1 1 1 - Hammer, 1.8 kg 8 4 3 2 Flashlight 1 1 1 - Chisel, cold 2.5 cm 1 1 - - Crowbar, 1.65 m 1 1 1 1 Crowbar, 95 cm 1 1 1 1 Cutter bolt, 61 cm 4 4 2 1 Axe, rescue, small nonwedge or aircraft type

1 1 1

Axe, rescue, large nonwedge type

1 1 1 1 Adjustable wrench SOURCE: ICAO 1993

The Airport Emergency Plan

• Perplanning before an emergency

• Opertions during an emergency

• After an emergency

(8)

The Purpose of Airport Emergency Plan

• Orderly and efficient transition from normal to emergency

operations

• Delegation of airport emergency authority

• Assignment of emergency responsibilities

• Authorization of key personal for actions contained in

plan

• Coordination of effort to cope with the emergency

• Safe continuation of aircraft operation or return to

operations as soon as possible

Section 1

Emergency Telephone Numbers

for Emergency Plan Document

Others

Civil defense

Government authorities

Aircraft operators

Medical services

Hospitals

Ambulances

Doctors

business/ residence

Police and security

Rescue and fire-fighting services (departments)

Air traffic services

This section should be limited to essential telephone numbers according to site

needs, including:

(9)

Section 2

Aircraft Accident on the Airport

for Emergency Plan Document

Action by all other agencies

Action by local fire departments when structures involved

Action by public information officer(s)

Action by transportation authorities (land, sea, air)

Action by agencies involved in mutual aid emergency agreements

Communications network (emergency operations center and mobile command post)

Action by government authorities

Action by emergency operations center and mobile command post

Action by aircraft operator involved

Action by medical services

Hospitals

Ambulances

Doctors

Action by airport authority

Vehicle escort

Maintenance

Action by rescue and fire-fighting services

Action by air traffic services (airport control tower or airport flight information service)

SOURCE: ICAO 1993

Section 3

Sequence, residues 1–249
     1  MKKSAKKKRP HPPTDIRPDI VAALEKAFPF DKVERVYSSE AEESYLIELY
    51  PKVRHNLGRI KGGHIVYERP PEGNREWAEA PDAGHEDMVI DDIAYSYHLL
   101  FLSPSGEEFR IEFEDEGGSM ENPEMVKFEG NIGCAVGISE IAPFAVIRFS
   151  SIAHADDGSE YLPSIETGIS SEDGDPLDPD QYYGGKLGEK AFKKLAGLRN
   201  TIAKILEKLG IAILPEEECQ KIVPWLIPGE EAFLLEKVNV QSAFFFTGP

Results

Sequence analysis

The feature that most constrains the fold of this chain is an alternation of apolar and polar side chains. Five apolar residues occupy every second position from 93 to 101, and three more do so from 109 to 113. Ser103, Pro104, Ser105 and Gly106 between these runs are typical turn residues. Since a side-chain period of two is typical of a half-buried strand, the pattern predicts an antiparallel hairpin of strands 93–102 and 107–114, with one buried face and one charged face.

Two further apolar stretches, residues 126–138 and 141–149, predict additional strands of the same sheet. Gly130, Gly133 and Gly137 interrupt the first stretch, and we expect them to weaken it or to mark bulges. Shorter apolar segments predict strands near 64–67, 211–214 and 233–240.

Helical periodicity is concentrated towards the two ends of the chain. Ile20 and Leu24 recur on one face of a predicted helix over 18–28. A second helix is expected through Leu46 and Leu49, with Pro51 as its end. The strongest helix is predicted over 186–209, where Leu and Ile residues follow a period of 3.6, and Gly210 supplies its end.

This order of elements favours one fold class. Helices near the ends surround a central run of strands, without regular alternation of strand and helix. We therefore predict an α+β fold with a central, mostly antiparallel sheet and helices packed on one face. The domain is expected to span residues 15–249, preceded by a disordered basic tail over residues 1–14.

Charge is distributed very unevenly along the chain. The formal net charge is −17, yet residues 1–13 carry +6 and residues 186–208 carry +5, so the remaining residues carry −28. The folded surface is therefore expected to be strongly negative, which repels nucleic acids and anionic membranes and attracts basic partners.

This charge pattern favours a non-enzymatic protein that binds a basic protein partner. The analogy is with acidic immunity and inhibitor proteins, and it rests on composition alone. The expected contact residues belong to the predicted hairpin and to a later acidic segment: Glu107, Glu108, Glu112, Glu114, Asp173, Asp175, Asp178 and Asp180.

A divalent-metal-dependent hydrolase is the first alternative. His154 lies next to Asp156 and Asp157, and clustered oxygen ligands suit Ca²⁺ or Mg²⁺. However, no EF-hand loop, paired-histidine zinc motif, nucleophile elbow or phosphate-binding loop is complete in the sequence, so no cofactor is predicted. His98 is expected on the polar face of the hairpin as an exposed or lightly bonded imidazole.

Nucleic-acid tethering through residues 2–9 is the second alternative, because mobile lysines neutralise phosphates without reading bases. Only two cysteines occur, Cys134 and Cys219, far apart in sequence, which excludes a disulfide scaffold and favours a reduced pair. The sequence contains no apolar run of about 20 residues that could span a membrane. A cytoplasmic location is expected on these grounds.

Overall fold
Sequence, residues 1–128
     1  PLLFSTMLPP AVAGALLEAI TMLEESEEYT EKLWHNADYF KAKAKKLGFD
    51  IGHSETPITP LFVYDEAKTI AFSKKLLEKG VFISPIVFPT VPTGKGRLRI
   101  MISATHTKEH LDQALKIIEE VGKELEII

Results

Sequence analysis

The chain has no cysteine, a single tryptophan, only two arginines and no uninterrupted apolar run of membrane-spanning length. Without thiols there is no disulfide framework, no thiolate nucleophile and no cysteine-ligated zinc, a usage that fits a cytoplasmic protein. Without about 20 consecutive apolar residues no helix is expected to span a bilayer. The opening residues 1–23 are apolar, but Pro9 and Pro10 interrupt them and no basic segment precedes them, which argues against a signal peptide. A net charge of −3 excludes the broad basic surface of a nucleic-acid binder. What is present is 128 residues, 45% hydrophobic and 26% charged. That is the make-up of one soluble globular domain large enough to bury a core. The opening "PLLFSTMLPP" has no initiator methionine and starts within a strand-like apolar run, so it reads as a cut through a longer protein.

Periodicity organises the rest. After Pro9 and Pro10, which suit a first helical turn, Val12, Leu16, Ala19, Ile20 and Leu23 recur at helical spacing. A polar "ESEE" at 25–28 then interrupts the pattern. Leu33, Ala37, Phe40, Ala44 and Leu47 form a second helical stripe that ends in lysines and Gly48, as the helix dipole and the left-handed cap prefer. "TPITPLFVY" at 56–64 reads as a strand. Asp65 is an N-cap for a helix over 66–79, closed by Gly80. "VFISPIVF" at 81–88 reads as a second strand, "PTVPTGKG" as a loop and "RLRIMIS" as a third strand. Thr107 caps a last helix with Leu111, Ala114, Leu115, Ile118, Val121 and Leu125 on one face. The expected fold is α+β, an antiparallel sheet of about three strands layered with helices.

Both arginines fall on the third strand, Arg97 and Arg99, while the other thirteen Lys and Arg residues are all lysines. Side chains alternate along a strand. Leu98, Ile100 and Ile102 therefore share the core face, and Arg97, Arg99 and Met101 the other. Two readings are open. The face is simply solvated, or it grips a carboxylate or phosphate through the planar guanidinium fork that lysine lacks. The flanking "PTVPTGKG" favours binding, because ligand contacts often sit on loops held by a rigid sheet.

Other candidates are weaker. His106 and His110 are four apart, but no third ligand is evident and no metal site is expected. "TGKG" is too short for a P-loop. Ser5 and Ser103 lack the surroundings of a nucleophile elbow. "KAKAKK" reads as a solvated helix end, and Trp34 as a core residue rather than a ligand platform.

Aircraft Accident off the Airport

for Emergency Plan Document

Action by emergency operations center and mobile command post

Action by aircraft operator involved

Action by agencies involved in mutual aid emergency agreements

Action by medical services

Hospitals

Ambulances

Doctors

Action by airport authority

Action by police and security services

Action by local fire departments

Action by rescue and fire-fighting services

(10)

Section 4

Malfunction of Aircraft in Flight

(Full Emergency or Local Standby)

for Emergency Plan Document

Action by all other agencies

Action by emergency operations center and mobile command post

Action by aircraft operator involved

Action by medical services

Hospitals

Ambulances

Doctors

Action by airport authority

Action by police and security services

Action by airport rescue and fire-fighting services

Action by traffic services (airport control tower or flight information service)

SOURCE: ICAO 1993

Section 5

Structural Fires for Emergency Plan

Document

Action by all other agencies

Action by public information officer

Action by emergency operations center and mobile command post

Action by medical services

Hospitals

Ambulances

Doctors

Evacuation of structure

Action by airport authority

Action by police and security services

Action by rescue and fire-fighting services (local fire departments)

Action by air traffic services (airport control tower or flight information service)

(11)

Section 6

Sabotage Including Bomb Threat

(Aircraft or Structure) for

Emergency Plan Document

Action by all other agencies

Action by public information officer

Handling and disposal of suspected bomb

Handing and identification of luggage and cargo on board aircraft

Searches

Evacuation

Isolated aircraft parking position

Action by government authorities

Action by aircraft operator involved

Action by medical services

Hospitals

Ambulances

Doctors

Action by rescue and fire-fighting services

Action by airport authority

Action by police and security services

Action by emergency operations center and mobile command post

Action by air traffic services (airport control tower or airport flight information service)

SOURCE: ICAO 1993

Section 7

Unlawful Seizure of Aircraft for

Emergency Plan Document

Action by emergency operations center and mobile command post

Action by government authorities

Action by aircraft operator involved

Action by medical services

Hospitals

Ambulances

Doctors

Action by airport authority

Action by police and security services

Action by rescue and fire-fighting services

(12)

Section 8

Incident on the Airport for

Emergency Plan Document

An incident on the airport may require any or all of the

action detailed in Section 2, “Aircraft accident on the

airport”. Examples of incidents the airport authority should

consider fuel spills at the ramp, passenger loading bridge,

and fuel storage area; dangerous goods occurrences at

freight handling areas; collapse of structures; and vehicle/

aircraft collisions.

SOURCE: ICAO 1993

Section 9

Persons of Authority

Site Roles

for Emergency Plan Document

Airport authority

An scene commander should be appointed as the person in command of the overall emergency operation. The on-scene commander should be easily identifiable and can be one of the persons indicated above or any other person from the responding agencies.

Experience indicates that confusion in identifying command personnel in accident situations is a serious problem. To alleviated this problem it is suggested that distinctive colored vests with reflective lettering and hard hats by issued to command personnel for easy identification. The following colors are recommended: